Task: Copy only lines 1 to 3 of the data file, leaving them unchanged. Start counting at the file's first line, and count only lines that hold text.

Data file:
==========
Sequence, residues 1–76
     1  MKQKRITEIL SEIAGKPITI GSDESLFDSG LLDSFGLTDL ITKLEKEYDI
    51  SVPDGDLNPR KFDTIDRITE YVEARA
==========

Sequence, residues 1–76
     1  MKQKRITEIL SEIAGKPITI GSDESLFDSG LLDSFGLTDL ITKLEKEYDI
    51  SVPDGDLNPR KFDTIDRITE YVEARA